Just FYI, Rob, I erred in my remark about 20% dot gain preview.  That works only with the PDF/x-4, which uses "No color conversion" but then adds CMYK as a "Document Profile Intent" under the separate PDF/X heading  And it happens whether I apply the 20% profile in PhotoShop or not (when I click "Don't Color Manage this document' and make sure nothing is checked in Save As).

                       

                      So no matter what I do, the PDF looks grey on screen unless I turn off Color Conversion in the Press Quality setting while exporting.

                       

                      Absolutely agree about the danger of assumptions, Peter, and use any profiles I'm  provided.  But these are mostly small (sometimes student) papers and magazines that just say PDF at 300 dpi.  I've actually been using "No Conversion" for several years without problems, being careful about all the pieces and checking the K plate in Output Preview.  But the ads were redesigned recently (I'm just a production guy), and the designer apparently used the PDF/x-1a setting from Illustrator (according to Preflighting the PDFs).  Thus the client was asking why they looked so grey on screen, worried that would be the way they'd print.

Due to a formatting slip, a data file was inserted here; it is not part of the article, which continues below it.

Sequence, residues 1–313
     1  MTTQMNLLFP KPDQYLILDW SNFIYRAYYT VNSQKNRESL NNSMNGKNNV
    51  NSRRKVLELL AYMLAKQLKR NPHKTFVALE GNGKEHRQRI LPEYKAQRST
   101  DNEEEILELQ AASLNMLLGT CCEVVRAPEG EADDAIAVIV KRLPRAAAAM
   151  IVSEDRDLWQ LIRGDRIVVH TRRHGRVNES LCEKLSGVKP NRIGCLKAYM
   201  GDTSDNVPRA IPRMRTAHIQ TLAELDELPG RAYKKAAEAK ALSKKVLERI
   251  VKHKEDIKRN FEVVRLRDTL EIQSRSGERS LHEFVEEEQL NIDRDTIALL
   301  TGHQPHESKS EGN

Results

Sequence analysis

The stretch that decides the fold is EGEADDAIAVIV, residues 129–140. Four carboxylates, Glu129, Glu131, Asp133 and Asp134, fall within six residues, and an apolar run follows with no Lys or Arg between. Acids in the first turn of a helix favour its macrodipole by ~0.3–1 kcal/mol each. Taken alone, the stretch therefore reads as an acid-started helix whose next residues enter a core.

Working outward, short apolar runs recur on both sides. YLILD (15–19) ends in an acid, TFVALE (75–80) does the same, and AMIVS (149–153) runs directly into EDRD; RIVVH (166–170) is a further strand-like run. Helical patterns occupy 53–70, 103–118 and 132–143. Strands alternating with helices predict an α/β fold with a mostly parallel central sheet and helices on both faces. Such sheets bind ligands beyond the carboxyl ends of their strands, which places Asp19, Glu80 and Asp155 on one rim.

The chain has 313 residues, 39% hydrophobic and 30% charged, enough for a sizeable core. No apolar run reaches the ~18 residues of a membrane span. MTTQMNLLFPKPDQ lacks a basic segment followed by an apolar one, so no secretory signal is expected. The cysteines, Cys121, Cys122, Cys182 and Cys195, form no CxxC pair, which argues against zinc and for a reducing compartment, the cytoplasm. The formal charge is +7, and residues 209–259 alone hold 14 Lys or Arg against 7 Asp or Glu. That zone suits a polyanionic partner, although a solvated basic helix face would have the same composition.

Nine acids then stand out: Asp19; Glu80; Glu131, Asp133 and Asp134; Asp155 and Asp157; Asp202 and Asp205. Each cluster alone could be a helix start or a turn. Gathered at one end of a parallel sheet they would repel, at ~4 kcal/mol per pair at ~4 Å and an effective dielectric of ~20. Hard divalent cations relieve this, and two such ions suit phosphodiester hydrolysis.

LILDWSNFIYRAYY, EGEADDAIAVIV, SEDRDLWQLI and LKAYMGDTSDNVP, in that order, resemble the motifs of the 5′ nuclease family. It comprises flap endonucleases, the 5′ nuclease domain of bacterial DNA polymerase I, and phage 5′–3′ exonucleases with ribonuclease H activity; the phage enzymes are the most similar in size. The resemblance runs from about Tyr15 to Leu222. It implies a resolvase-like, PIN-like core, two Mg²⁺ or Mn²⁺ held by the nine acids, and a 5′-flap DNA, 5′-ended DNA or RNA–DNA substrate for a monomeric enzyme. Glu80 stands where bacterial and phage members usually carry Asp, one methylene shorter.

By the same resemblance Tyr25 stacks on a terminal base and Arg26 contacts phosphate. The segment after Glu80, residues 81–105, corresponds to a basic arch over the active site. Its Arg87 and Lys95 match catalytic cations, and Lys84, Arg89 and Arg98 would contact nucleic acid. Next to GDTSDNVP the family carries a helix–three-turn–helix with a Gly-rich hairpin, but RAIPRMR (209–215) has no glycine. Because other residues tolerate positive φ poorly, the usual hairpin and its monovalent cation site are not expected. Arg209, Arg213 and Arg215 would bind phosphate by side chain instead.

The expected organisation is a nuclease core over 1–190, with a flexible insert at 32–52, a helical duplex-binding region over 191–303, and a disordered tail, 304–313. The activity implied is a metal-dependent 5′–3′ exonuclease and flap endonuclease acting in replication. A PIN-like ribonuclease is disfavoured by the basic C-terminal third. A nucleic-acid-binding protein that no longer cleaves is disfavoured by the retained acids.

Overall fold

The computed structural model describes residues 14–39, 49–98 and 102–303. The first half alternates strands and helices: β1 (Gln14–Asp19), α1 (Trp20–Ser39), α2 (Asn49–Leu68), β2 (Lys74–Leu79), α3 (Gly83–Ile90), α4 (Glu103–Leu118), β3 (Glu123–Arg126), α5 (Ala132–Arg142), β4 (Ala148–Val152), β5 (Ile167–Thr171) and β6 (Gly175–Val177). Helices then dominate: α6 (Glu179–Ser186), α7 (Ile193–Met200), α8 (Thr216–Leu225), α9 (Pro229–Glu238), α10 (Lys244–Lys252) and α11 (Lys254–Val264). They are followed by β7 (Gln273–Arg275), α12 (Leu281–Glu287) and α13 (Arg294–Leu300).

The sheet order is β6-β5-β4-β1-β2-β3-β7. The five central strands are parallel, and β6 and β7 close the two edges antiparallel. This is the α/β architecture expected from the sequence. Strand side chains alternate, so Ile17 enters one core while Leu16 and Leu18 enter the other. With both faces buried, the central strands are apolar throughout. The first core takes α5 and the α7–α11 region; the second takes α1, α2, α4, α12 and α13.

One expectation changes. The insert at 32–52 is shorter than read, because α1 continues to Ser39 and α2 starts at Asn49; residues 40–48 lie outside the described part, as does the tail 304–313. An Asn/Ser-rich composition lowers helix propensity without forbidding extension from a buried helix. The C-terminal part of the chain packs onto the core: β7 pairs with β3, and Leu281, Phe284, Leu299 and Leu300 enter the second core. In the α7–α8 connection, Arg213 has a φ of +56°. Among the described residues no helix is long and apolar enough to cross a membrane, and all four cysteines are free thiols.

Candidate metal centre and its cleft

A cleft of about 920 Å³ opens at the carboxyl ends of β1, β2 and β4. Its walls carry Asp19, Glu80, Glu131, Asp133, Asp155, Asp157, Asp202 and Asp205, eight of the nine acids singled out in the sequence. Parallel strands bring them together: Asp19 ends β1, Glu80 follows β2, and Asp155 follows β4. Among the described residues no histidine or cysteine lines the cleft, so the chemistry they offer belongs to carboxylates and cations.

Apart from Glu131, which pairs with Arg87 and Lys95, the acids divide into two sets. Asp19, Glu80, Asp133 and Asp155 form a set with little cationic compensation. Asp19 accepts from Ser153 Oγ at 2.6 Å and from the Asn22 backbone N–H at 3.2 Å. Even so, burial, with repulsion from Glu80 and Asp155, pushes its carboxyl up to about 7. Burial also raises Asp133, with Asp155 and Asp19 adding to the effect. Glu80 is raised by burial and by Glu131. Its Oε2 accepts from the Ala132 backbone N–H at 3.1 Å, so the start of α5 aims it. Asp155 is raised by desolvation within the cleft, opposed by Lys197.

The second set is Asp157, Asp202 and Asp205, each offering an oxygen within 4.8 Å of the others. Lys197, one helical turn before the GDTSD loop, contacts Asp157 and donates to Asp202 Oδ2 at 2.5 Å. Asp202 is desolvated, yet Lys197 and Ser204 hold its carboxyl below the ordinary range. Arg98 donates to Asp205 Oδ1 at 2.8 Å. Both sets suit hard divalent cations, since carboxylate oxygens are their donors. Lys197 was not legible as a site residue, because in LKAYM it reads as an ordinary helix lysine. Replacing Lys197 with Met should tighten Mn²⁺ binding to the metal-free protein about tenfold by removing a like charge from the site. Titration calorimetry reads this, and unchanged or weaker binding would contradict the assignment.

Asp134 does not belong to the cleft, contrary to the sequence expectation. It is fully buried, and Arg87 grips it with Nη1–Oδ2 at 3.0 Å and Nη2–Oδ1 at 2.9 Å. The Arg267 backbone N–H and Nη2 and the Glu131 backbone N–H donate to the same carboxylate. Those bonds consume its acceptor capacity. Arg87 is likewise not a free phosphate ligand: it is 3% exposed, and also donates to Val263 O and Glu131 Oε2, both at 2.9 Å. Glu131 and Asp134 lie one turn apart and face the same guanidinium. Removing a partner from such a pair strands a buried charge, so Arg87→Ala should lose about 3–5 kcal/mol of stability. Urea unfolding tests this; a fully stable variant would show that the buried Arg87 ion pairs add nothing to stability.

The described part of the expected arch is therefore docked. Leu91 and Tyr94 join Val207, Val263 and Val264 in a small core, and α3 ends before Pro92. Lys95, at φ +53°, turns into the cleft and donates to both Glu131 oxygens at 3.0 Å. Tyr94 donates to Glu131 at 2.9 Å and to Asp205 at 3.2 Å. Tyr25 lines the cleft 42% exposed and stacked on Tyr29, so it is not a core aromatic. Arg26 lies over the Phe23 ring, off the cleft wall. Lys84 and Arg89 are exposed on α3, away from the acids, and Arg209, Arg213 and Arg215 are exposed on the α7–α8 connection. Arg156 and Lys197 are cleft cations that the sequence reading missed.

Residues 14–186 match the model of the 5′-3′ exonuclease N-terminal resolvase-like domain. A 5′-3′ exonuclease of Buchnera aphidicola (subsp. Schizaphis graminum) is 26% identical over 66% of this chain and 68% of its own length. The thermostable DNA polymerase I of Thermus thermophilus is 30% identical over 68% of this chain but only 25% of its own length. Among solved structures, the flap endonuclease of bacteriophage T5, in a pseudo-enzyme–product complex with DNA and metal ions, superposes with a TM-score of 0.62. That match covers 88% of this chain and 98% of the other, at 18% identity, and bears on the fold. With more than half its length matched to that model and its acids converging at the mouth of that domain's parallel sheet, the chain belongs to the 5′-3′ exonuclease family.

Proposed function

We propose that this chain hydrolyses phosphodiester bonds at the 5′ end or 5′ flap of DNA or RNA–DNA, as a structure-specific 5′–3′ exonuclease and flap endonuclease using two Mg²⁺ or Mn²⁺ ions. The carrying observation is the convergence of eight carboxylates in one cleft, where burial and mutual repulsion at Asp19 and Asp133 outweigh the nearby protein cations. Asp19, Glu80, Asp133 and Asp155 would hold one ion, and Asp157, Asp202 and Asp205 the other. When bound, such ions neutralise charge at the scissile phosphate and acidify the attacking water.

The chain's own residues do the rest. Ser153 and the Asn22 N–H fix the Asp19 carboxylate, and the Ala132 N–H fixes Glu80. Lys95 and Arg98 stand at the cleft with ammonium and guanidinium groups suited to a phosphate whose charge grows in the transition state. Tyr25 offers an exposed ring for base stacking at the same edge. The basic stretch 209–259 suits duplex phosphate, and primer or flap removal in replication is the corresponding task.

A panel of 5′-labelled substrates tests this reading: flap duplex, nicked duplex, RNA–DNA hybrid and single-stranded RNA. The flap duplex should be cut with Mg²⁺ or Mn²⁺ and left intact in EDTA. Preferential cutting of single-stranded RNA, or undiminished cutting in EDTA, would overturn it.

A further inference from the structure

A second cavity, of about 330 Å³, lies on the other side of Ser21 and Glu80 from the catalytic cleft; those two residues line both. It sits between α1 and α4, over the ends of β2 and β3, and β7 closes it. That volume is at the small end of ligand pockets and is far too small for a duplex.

Thanks again.

                      • 8. Re: "Convert to destination" for B&W ad?
                        rob day Adobe Community Professional & MVP

                        Thus the client was asking why they looked so grey on screen, worried that would be the way they'd print.

                        In Photoshop the grayscale preview depends on the grayscale profile assignment. The assignment can be one of the generic dot gain curve profiles, or it can be the black ink of a CMYK profile. So here the same output values preveiw differently because top is the default Dot Gain 20% and the bottom is US SWOP Black Ink: